25. March 2022

How to Defrost Your Freezer

How to Defrost Your Freezer

Why is defrosting important? 

Defrosting your freezer is important for a variety of reasons. When frost builds up in your freezer it takes up valuable space that could be used to store your food. This can sometimes even cause problems in the door-mechanism, and prevent you from shutting your freezer door properly, therefore affecting the cooling.

In addition, built up ice and frost in a freezer (even though it’s cold) can act as an insulator, trapping warm air. This means that your freezer works over-time to maintain the same cool temperature. In some cases, up to 50% more energy is required to maintain the temperature. This is not only energy inefficient, but can have a big impact on your electricity bill.  

How does frost build up?

Frost and ice build up is quite common. It can happen if the freezer door isn’t closed properly, or left open for extended periods of time. Frosting can also occur if your freezer seal is defective or old. If frost and ice continue to build up in spite of good maintenance, it might be time to replace the freezer seal or buy a new freezer/refrigerator.

How often should you defrost?

You should defrost your freezer at least once a year.

How to defrost your freezer safely and quickly

  1. Empty your freezer
    Your freezer should be completely empty before you switch it off, so that none of your stored food spoils. Make sure you either eat whatever is in your freezer or store it in a different freezer (e.g. neighbor or friend). If it’s winter, your food will also be fine if you leave it on the balcony or terrace. Cooling boxes are also a great short-term solution to store and keep products cool.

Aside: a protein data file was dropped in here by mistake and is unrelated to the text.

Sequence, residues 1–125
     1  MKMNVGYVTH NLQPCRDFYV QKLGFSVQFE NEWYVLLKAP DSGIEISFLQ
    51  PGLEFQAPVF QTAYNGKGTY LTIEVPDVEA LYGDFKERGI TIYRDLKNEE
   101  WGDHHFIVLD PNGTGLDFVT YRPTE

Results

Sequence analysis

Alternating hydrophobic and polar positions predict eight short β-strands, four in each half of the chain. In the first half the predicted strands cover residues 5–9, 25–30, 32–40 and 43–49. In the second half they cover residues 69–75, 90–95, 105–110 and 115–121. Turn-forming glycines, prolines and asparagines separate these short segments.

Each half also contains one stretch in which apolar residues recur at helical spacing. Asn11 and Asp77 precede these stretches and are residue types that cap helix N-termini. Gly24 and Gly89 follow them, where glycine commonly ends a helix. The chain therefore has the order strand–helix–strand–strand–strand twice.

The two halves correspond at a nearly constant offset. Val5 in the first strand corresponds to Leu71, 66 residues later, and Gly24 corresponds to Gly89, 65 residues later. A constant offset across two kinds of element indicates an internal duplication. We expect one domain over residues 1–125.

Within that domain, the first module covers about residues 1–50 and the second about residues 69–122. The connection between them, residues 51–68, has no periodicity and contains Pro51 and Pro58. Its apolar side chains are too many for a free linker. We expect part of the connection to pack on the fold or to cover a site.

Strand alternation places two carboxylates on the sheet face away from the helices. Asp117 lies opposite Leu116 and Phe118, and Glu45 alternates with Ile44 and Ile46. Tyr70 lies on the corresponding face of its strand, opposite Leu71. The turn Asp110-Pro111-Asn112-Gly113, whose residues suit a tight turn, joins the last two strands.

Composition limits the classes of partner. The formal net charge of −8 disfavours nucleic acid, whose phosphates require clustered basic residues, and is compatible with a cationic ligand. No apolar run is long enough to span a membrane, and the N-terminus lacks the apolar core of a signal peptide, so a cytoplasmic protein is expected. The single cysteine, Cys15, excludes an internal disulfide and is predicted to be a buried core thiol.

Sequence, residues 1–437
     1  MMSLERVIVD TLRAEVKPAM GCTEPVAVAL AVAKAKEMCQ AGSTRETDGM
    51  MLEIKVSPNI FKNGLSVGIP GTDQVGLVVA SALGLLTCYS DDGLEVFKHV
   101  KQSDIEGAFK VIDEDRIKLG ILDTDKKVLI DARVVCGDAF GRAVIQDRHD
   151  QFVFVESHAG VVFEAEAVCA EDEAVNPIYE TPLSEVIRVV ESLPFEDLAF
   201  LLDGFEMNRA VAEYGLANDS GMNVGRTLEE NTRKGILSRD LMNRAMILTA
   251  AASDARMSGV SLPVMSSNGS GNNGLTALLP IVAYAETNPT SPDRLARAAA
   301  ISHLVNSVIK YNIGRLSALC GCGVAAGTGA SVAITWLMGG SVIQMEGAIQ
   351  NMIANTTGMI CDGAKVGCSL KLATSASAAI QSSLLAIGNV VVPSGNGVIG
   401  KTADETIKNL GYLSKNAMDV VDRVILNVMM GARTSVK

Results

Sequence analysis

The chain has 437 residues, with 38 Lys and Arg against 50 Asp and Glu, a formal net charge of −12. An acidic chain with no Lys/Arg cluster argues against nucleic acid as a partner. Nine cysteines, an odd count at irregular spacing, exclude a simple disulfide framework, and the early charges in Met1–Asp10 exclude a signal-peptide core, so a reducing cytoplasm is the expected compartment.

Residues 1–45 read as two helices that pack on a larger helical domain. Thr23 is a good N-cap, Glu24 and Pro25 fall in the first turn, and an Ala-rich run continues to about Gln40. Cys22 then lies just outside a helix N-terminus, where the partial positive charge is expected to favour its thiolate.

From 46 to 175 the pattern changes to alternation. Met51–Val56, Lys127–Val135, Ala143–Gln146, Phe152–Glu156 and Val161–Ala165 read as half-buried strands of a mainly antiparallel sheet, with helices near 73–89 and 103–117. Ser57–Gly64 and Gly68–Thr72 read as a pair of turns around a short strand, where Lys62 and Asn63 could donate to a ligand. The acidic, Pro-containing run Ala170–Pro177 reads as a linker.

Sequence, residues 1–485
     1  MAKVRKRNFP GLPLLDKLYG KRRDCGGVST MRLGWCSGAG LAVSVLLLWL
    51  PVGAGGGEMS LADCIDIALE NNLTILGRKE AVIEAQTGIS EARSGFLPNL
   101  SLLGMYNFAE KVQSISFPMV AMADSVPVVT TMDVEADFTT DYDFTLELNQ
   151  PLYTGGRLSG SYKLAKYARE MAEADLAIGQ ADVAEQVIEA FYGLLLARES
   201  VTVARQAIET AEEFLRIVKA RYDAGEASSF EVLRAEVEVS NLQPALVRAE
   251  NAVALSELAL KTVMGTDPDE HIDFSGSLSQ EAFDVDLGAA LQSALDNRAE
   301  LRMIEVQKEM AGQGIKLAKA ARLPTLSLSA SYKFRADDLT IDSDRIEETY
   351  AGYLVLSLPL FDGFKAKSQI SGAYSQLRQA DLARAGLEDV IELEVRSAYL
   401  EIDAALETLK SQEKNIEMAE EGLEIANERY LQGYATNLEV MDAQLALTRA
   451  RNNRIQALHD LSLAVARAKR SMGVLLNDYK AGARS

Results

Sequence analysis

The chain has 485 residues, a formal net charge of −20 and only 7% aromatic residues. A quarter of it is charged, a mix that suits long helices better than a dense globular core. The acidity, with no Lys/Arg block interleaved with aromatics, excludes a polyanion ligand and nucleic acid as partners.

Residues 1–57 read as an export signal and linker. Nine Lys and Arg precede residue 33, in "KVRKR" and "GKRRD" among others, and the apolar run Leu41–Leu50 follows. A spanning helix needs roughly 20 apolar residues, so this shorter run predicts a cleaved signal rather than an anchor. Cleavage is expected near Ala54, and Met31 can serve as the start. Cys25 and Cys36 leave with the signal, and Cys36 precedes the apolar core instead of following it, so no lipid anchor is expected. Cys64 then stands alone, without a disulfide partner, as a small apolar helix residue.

You’ll need to see if your freezer and fridge compartments can be managed separately. If not, then you’ll need to empty your fridge too.

  2. Switch Freezer off
    Turning off your freezer is essential to defrost, otherwise the ice won’t melt. Make sure you’ve either hit the ‘off’ switch or unplugged it entirely.

  3. Prepare
    Make sure to put towels, newspapers or other containers to collect and mop up the water from the freezer as the ice melts.

  4. Defrost
    Once you switch off the freezer, it is advised to just let it be and let the ice melt by itself. Simply leave the freezer off and with the freezer door open. Methods to accelerate the melting e.g. using a hair dryer or using force to break the ice can be dangerous or cause damage to your freezer. Remember, electricity and water do NOT mix well. However, if there are very large ice blocks, you can place a pot of boiling water into the freezer. The hot steam will expedite the melting process.  

  5. Clean 
    Freezers tend to stay cleaner than regular fridges. This is because frozen goods are less likely to spill/burst and stain. It is also harder for bacteria to form and survive at such cold temperatures. Nevertheless, a wipe down of potential food remnants is never a bad idea. For this you don’t need any intense or special cleaning supplies, a regular cleaning liquid suffices. Even home-made recipes like lemon juice and warm water will do the job! Pro tip: spread a little bit of oil (olive, sunflower, your choice) on the inside of your freezer. Many people swear that this helps delay the formation of new ice. 

  6. Plug In/Switch Back On
    Once you’ve defrosted and cleaned your fridge, plug it in or switch it back on. Depending on the model, it can take a few hours for the freezer to reach its set temperature again. Once it's cooled down, refill it with your frozen products or time to place a new Every. order!